Stage Three: Plan Learning Activities W.H.E.R.E.T.O. Wiggins, G. and McTighe, J. (1998).  Understanding by Design.  Alexan...
Stage Three: Plan Learning Activities <ul><li>This is the Stage where specific learning activities (lessons) are planned t...
W.H.E.R.E.T.O. Wiggins, G. and McTighe, J. (1998).  Understanding by Design.  Alexandria, VA: Association for Supervision ...
Specific Suggestions for “W” Wiggins, G. and McTighe, J. (1998).  Understanding by Design.  Alexandria, VA: Association fo...
Specific Suggestions for “H” Wiggins, G. and McTighe, J. (1998).  Understanding by Design.  Alexandria, VA: Association fo...
Specific Suggestions for “E1” Wiggins, G. and McTighe, J. (1998).  Understanding by Design.  Alexandria, VA: Association f...
Specific Suggestions for “R” Wiggins, G. and McTighe, J. (1998).  Understanding by Design.  Alexandria, VA: Association fo...
Specific Suggestions for “E2” Wiggins, G. and McTighe, J. (1998).  Understanding by Design.  Alexandria, VA: Association f...
Specific Suggestions for “T” Wiggins, G. and McTighe, J. (1998).  Understanding by Design.  Alexandria, VA: Association fo...
Specific Suggestions for “O” Wiggins, G. and McTighe, J. (1998).  Understanding by Design.  Alexandria, VA: Association fo...
Next Steps… <ul><li>Start planning your learning activities! </li></ul><ul><li>Use WHERETO either as a guiding organizer (...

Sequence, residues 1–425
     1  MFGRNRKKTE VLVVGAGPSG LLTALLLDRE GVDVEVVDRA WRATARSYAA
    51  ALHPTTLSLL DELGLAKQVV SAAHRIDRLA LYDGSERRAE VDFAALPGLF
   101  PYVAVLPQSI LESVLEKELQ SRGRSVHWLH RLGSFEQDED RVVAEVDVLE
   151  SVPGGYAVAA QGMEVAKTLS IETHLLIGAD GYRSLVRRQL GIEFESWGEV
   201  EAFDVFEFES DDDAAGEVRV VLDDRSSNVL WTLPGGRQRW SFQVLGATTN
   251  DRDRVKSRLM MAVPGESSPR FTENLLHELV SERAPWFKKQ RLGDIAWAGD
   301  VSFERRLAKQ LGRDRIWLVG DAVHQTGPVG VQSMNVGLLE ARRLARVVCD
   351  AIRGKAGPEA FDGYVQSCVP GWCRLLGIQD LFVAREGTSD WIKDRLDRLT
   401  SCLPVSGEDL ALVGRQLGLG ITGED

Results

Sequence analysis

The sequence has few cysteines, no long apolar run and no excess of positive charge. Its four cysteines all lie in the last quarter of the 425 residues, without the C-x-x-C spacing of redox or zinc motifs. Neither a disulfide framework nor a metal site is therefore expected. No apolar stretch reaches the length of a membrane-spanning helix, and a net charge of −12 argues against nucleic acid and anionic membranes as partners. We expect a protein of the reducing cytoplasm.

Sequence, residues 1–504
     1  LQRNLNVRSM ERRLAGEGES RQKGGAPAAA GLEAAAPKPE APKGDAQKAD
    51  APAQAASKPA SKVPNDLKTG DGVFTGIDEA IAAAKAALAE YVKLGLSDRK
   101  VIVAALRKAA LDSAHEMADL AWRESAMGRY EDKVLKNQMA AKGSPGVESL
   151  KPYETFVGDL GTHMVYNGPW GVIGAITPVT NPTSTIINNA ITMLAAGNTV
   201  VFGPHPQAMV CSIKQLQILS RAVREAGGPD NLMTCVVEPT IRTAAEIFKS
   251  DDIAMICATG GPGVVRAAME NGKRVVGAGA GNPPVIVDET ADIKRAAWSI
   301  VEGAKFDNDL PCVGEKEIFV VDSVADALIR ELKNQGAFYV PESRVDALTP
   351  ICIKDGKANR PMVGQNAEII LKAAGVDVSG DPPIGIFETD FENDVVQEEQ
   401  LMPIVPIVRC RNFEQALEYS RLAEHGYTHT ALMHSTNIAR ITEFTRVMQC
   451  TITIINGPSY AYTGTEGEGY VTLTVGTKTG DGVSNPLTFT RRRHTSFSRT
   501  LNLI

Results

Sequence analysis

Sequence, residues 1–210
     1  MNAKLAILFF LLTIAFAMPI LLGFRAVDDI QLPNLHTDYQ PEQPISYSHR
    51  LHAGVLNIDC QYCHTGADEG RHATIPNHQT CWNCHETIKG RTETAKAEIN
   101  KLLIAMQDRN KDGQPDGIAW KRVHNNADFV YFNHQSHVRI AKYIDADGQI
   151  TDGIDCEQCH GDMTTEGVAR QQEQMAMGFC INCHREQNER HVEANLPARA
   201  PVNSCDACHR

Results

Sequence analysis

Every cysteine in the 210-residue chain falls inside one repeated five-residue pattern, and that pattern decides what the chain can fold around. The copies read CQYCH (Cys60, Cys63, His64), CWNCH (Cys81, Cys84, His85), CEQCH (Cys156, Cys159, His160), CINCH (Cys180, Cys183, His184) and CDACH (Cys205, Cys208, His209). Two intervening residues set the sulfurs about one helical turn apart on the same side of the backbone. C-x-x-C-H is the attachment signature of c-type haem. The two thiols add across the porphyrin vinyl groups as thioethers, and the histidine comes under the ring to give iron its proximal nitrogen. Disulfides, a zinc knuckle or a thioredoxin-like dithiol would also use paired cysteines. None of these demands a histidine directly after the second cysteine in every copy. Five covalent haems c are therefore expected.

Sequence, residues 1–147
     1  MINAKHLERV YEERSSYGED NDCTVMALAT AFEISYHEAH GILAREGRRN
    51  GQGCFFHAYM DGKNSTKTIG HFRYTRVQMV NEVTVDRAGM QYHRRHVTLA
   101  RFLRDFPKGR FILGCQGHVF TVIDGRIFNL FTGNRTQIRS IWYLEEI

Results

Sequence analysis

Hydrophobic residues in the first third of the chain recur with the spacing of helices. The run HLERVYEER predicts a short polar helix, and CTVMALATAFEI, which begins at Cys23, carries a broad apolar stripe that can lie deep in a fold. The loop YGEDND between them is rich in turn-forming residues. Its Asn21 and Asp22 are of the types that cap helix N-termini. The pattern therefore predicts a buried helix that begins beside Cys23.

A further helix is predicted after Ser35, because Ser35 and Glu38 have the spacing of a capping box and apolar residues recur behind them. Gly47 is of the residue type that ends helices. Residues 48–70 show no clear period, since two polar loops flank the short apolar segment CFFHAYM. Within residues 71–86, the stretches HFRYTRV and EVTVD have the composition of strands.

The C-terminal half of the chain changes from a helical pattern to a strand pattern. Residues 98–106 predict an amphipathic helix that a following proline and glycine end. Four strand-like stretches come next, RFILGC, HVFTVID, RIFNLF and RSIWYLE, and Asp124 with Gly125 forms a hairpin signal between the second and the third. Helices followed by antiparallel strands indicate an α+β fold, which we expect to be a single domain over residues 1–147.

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PowerPoint_WHERETO

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  1. 1. Stage Three: Plan Learning Activities W.H.E.R.E.T.O. Wiggins, G. and McTighe, J. (1998). Understanding by Design. Alexandria, VA: Association for Supervision and Curriculum Development
  2. 2. Stage Three: Plan Learning Activities <ul><li>This is the Stage where specific learning activities (lessons) are planned to accompany each unit. </li></ul><ul><li>The lessons designed in this stage are should be based on the desired results from Stage 1 and 2. </li></ul><ul><li>W.H.E.R.E.T.O. is an acronym for planning steps to help meet the requirements of the unit. </li></ul><ul><ul><li>The acronym does not represent the order to be followed </li></ul></ul>Wiggins, G. and McTighe, J. (1998). Understanding by Design. Alexandria, VA: Association for Supervision and Curriculum Development
  3. 3. W.H.E.R.E.T.O. Wiggins, G. and McTighe, J. (1998). Understanding by Design. Alexandria, VA: Association for Supervision and Curriculum Development How will we organize the sequence of learning? O How will we tailor learning to varied needs, interests, and learning styles? T How will students self-evaluate and reflect their learning? E How will we rethink or revise? R How will we equip students for expected performances? E How will we hook the students? H Where are we going? Why? What is expected? W
  4. 4. Specific Suggestions for “W” Wiggins, G. and McTighe, J. (1998). Understanding by Design. Alexandria, VA: Association for Supervision and Curriculum Development <ul><li>Present the performance task/performance early in the unit. Include rubrics, exemplars, mentor text, models. </li></ul><ul><li>Post and discuss essential questions; invite students to generate their own questions </li></ul><ul><li>Ask students to ID personal goals </li></ul><ul><li>Give diagnostic skills tests or pre-tests </li></ul><ul><li>Use KWL as pre-assessment </li></ul><ul><li>Check for misconceptions </li></ul>Where are we going? Why? What is expected? W